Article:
Eventually, Lubberding set off in pursuit. “You have to try something. Of course, I knew how hard the boy could ride. Immediately, images from a year earlier flashed through my mind. In the Daupiné Libéré, I had also gone after him. Just as in Liege-Bastogne-Liege, we had terrible weather. I don’t remember much more. It was stage six, from Grenoble to Chambéry. Just under 200 kilometres. Up and down the whole day. And Hinault was stomping. I sat on his wheel. He never asked me to take over. In truth, I couldn’t have done. As a matter of etiquette, I rolled through a time or two. Hinault didn’t say a word. With his head down, he drove for the finish like a machine. On the last straight, he accelerated. He rode me right off his wheel.”

Cor Vos

In the trenches of the Ardennes, the situation was worse. Lubberding mounted a valiant chase, but the Breton battered forward, undaunted. Alas, their struggle was concealed amidst a host of snowy pines, which lined the course in a long salute to the racers’ bravado.

Behind, the surviving slaves to the road were losing all sense of their mission. The cold bit into their bodies. “All I could think of was a warm bed, good food, and hot tea. In the meantime, you sought shelter from the snow behind the back of another rider, who wanted the same from you. I could race well in the cold, but this wasn’t racing anymore,” Van de Velde said. Claes: “We were all nuts to be out there. Healthy? No, you can’t say it was healthy.”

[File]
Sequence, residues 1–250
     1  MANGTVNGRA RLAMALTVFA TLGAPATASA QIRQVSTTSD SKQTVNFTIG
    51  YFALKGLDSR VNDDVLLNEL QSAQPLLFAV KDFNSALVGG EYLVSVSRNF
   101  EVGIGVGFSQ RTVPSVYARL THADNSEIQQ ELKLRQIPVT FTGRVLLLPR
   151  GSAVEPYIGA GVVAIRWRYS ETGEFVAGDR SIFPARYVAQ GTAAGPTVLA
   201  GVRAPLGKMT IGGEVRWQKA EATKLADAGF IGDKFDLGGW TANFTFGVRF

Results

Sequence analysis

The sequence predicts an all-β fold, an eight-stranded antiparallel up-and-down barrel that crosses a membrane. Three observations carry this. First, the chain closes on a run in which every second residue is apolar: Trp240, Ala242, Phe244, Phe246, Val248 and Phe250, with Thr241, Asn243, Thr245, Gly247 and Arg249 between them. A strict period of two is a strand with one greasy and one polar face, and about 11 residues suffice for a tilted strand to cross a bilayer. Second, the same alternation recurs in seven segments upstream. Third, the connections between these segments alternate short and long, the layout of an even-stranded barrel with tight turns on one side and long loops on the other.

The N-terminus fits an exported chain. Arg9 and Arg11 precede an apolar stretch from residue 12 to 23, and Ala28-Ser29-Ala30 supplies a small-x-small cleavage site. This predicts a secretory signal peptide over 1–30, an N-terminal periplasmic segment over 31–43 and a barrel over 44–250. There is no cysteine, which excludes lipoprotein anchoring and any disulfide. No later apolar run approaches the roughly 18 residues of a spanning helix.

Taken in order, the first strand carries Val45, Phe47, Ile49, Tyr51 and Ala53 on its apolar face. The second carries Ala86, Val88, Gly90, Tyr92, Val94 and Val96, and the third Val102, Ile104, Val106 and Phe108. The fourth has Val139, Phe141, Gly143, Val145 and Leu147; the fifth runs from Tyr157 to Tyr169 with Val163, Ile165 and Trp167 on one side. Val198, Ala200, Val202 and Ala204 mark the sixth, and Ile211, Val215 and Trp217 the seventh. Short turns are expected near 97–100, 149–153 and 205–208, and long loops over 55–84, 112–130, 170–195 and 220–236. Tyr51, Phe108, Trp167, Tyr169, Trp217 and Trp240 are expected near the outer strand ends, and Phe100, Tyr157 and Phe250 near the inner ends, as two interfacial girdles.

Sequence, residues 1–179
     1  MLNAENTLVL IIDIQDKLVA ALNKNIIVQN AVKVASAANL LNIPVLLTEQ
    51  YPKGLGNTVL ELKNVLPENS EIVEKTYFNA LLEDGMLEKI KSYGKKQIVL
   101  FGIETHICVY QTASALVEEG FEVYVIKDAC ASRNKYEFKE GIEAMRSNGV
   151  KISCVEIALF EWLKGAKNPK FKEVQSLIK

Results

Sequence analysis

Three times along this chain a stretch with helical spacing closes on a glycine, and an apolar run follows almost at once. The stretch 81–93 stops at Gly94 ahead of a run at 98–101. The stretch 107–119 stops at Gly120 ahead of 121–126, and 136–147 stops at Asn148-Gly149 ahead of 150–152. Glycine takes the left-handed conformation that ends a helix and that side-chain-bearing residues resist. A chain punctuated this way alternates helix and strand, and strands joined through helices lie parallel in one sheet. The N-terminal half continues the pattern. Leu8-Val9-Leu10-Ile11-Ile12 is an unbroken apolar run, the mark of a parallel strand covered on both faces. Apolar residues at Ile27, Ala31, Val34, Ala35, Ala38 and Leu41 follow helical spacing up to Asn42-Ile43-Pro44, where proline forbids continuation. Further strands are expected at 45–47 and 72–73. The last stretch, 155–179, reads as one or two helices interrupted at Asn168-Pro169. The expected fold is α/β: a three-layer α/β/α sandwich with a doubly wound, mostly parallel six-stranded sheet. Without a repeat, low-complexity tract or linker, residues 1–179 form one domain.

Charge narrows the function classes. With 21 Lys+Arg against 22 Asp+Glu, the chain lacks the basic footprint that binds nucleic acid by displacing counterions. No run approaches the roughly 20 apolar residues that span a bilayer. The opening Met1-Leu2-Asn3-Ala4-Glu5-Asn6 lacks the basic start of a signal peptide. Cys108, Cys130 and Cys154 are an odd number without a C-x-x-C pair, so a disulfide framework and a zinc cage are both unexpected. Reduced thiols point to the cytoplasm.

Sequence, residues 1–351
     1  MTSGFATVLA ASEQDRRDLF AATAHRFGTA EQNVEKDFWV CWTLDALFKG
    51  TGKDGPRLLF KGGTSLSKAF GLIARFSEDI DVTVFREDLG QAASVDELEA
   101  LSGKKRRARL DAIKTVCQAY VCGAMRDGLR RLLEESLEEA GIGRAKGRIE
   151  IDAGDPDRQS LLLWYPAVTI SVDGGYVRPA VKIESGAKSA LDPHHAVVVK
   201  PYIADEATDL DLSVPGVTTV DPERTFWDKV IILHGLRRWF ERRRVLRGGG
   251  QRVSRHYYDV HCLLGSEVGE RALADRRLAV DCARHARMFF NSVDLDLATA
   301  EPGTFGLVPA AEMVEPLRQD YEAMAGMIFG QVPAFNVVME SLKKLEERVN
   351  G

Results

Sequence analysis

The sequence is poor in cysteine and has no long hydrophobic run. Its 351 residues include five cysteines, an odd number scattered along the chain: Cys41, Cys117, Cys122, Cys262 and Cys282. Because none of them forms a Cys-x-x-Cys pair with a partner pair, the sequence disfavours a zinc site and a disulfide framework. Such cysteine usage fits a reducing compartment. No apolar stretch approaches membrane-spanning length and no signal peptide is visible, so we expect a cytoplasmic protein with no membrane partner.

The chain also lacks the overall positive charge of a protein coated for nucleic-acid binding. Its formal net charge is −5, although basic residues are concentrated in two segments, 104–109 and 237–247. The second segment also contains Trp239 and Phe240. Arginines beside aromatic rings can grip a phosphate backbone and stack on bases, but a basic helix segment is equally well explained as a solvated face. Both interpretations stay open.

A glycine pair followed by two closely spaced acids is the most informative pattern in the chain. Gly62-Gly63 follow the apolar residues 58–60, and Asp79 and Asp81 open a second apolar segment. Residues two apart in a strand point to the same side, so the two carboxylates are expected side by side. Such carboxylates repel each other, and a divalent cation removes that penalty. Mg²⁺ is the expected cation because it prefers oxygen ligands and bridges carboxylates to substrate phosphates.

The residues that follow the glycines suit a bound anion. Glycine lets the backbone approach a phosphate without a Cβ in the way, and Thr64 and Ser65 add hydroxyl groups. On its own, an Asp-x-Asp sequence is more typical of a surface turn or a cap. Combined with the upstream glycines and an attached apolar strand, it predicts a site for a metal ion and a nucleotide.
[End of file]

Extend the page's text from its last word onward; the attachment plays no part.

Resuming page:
Hinault was 150 metres ahead on the Haute Levée when he triggered Lubberding’s sense of duty. A curse and a sigh and the Dutchman would normally have the gap closed, but the 66th La Doyenne was imposing her own set of rules. The metres cost more than ever. A red-hatted snowman in the shirt of Renault-Gitane danced away into the distance. “I did what I could to ride up to Hinault, with Ludo Peeters on my wheel —the wily bastard. I wanted him to take a pull, but he said he couldn’t. After five minutes of chasing, we’d gotten nowhere. We were still 150 metres behind. Half an hour later, I could still see Hinault slogging it out in front —though I was slogging worse than he was. Half an hour bent over the bars for nothing —how frustrating was that? Not only could I not gain a metre on Hinault, I also forgot to keep eating. I was so focused on the job. I saw Hinault wolf down whatever he could. I only payed attention to the distance between us. Do you know how lethal that is: not eating in that sort of weather? The stove burns hot and, when no fuel comes in, it might blow out any minute.”

The tempo wasn’t so hard. But our limbs were frozen and everyone was having difficulty braking and shifting.